Not only is "b.1" testable, but now has many verifiable PreBabel (Chinese) students. In fact, you can test it yourself if you are not already well-versed with Chinese written language.
Chinese written language is viewed (by both Chinese and Westerners) as one of the most difficult language to learn in the world. It takes over 10 school years (10th grade) for a native Chinese students to learn about 3,000 to 4,000 Chinese words and about 6,000 words for college graduates. Yet, with PreBabel (Chinese), an American who knows not a single Chinese word (both verbal and written) can acquire 3,000 words in six months. This not only is my statement but is my guarantee. No argument is needed on this. Arguing over a testable issue without concerning the tests or the test results is simply wasting of the time.
Of course, Trailsend's questions are about PreBabel (English), not PreBabel (Chinese). However, as long as the "point b" is a testable issue, his questions are not relevant to the issue. Furthermore, I do not truly understand his questions. Are they simply questions, such as a classroom question to the teacher? Are they critiques, trying to lead to a conclusion, a flawed or doomed PreBabel logic? Without knowing the answer, I must do some guesses.
Case one: Trailsend does understand and agree with the PreBabel logic but is unhappy about the Tienzen encoding; (man, below) should be a leg, not foot. Well, if everyone thinks this way, then we change it. As long as the Law 1 remains valid, everything is just fine.
Case two: Trailsend's questions are trying to lead to a conclusion with a hidden logic.
1. Why is (man, below) "foot" and not "leg"?
2. If (man, below) can mean foot, leg, butt, toe, earth, ant and million other things, the PreBabel encoding is also arbitrary and is not easier than the code (f,o,o,t) = foot. Thus, the PreBabel's claim to be an axiomatized system is false.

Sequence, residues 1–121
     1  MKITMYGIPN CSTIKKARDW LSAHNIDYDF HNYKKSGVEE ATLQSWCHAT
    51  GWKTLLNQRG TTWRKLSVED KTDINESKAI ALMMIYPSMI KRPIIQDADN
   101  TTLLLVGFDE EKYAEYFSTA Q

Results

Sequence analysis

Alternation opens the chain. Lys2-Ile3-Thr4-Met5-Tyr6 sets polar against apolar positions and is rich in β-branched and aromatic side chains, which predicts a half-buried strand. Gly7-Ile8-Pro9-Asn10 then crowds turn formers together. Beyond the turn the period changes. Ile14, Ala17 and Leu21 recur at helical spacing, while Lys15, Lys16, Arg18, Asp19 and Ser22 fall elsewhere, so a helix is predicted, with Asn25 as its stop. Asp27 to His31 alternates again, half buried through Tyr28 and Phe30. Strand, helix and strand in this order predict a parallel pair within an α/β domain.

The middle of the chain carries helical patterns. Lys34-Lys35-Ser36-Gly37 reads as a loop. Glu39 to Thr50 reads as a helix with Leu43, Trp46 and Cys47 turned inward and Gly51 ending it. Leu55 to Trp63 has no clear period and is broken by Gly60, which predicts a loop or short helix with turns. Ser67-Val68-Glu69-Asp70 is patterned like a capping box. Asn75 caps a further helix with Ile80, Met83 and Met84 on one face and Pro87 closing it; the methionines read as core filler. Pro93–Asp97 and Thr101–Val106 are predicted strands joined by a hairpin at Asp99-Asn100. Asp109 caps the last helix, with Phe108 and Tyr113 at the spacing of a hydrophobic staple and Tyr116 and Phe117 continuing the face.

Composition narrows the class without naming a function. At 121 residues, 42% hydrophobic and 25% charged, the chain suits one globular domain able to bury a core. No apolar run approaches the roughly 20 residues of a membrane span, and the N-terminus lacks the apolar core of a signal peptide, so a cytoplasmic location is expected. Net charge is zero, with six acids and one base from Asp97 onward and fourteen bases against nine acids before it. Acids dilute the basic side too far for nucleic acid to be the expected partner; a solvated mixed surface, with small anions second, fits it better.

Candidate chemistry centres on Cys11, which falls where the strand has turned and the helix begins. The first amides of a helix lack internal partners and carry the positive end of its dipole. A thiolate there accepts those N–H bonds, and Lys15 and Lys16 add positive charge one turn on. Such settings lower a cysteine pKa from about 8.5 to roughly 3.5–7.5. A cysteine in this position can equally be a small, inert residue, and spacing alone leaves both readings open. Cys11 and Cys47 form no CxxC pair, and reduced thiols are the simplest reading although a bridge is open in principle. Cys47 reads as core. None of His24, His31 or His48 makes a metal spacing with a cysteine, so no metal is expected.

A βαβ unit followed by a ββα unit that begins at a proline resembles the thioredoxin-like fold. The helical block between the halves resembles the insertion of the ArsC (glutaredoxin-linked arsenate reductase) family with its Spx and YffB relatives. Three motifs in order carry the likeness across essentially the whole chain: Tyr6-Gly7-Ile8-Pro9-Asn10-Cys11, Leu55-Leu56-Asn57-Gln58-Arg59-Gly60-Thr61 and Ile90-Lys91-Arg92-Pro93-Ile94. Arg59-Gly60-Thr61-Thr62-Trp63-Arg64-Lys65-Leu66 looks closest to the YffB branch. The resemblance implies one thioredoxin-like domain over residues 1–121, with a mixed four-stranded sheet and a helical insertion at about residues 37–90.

3. As the way of people's thinking is very much different from one to the other, no one can intuitively knows that (man, below) is foot, not dust. So, this (man, below) = foot encoding is wrong, not acceptable.
4. As this simple encoding [(man, below) = foot] is wrong, the process of encoding English with a set of root words is impossible. Thus, there is no such a thing as PreBabel (English).
5. Without a PreBabel (English), the PreBabel "point b" is, of course, wrong. No test is needed for it.
Case three: There is no remedy of any kind for the case two.
1. Why (f,o,o,t) = foot is correct? Because it is, go and check any English dictionary.
2. Why (man, below) = foot is wrong? Because, it can also be Earth, dust, ant, etc.. No one can agree that (man, below) must be "foot".
As I have said, I do not understand Trailsend's question. What is his point? The three cases above are my guesses.
The theory and the method of constructing a true Universal Language can be viewed at
This post is, now, long enough. I will answer these three cases in my next post, squarely and head-on. In the mean time, if Trailsend can clarify his point, I will answer it too, then.
PreBabel is the true universal language, it is available at